Another thing I’m interested in that I’d like to try to see us do—the Reader has wonderful staff writers and freelancers who are really well versed in a variety of social issues, political issues, and I’d like to try to find some way to bring them into dialog with our theatre writers, if there’s a show that would lend itself to that. I remember an episode of This American Life from way back in the day, when a medieval scholar was sent to Medieval Times to talk about it. What I loved about that segment is that it wasn’t necessarily being snarky, it was sort of: What is this thing, and how does it fit within my area or knowledge? I think that if I can find a few shows that would be appropriate for some of our writers who are not necessarily theatre writers, but definitely know quite a lot about the topic under discussion, and put them in dialog with the theatre writers, that might be an interesting way to reach out to people who aren’t necessarily theatregoers, but would say, “Oh, okay. I see what this play is trying to do, and I’m interested in that subject, so I want to see how they handle that.”
You grew up going to Chicago theatre and covered it for decades. What trends have you seen develop over the years? And are there some misconceptions that you’d like to correct about Chicago?
I think the biggest one is that Chicago is very realism-steeped. It is, to an extent, but I think that’s American theatre in general; I don’t think Chicago is unique in that in any way. One of the things that I’ve noticed is the emphasis on devised work, on physical work, whether it’s people like Lookinggglass, who’ve been incorporating circus arts into their pieces for quite some time now, or work that is primarily using a physical vocabulary. So this town is not all about American realism.
In terms of infrastructure, I think we have the same problems we’ve always had. It’s a lot easier to do work than it is to make money doing work in Chicago. We have a very robust non- Equity scene. There are so many companies that have been around for decades and have been doing terrific work but aren’t necessarily looking to grow into the next Steppenwolf. I think that’s the other big misconception, and I think it’s mostly been going away: that companies form to be the next Steppenwolf. The ensemble model has its pluses and minuses. It can lead to a sort of insularity that doesn’t necessarily lend itself to diversity all the time, and I think people are more aware of that and are addressing it a lot more.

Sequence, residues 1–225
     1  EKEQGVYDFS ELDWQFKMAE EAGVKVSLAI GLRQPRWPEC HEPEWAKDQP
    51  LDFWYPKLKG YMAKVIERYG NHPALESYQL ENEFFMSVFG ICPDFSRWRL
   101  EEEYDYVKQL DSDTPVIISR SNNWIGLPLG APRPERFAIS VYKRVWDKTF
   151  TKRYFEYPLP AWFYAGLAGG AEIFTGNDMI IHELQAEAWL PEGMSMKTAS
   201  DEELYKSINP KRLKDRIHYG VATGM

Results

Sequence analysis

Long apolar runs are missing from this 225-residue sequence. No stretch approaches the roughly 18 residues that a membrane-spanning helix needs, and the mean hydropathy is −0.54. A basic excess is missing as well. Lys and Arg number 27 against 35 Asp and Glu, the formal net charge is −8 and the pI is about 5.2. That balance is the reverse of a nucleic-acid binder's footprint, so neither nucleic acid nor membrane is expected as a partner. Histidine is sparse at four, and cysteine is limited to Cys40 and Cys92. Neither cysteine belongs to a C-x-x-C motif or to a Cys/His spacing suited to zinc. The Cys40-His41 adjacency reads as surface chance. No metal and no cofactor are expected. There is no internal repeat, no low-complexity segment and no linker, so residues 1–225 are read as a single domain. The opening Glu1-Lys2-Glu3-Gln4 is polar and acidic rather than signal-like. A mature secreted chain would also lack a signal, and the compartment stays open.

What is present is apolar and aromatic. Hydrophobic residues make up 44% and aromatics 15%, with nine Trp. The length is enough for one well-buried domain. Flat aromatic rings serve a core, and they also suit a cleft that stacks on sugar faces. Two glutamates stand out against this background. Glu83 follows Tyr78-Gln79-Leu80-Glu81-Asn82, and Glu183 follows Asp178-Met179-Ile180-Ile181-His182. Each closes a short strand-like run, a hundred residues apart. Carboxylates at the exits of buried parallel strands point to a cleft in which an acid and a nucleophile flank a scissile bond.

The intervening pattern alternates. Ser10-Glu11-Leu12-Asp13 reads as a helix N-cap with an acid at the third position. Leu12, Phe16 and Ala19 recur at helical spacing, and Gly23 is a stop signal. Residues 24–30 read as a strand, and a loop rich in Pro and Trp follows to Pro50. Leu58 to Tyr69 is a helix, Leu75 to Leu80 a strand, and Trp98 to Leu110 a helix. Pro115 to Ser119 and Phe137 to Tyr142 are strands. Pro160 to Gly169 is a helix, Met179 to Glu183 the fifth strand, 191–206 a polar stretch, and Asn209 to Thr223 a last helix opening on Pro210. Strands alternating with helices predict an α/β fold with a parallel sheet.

In terms of the critical community, I think it’s no secret that there’s been a lot of controversy with various critics over time here. But in the age of social media it’s a lot easier to talk back to people, rather than, “Here’s my sternly worded letter to the editor, which may or may not appear in print.” There’s an immediacy to the response. We’re all more conscious of that, and for the most part I think it’s a really good thing. I don’t think checking your own sensitivity and use of language is a bad thing at all if you’re a writer. And it’s still a small community. But I have sense that New York is probably smaller than people imagine when you get into the nitty gritty. All theatre communities in their own way tend to feel sort of small after a while, right?
Right. It’s not a mass medium, even at a larger scale.
I think Erik Ehn—there was a thing called the RAT conference, I don’t know if you remember that.
One of the things he said was exactly that: You can take the most popular show ever, like, say, Cats, add up all the people that have seen that since its beginning, and it would not add up to the average number of people who are watching a rerun of “Roseanne” in syndication.
It’s a small, self-selecting audience. The trick is to make sure it’s not also elitist.
The companies that were really influential to me in my salad days or whatever were companies like Theater Oobleck, Curious Theatre Branch, Cardiff-Giant, which Mark Hollman and Greg Kotis, who created Urinetown, came out of. Many of them ended up working with a non-directorial model, and they did a lot of free theatre, pay-what-you-can, and just doing very—I don’t want to say surreal, but original work that was not necessarily kitchen-sink drama. Some of it was very politically charged. I’ve been thinking about it a lot this week, because one of the founding members of the Theater Oobleck, Danny Thompson, passed about a month or so ago, and we had memorials for him this past weekend and there was a series of performances at the Neo-Futurists, who would be in that mix as well.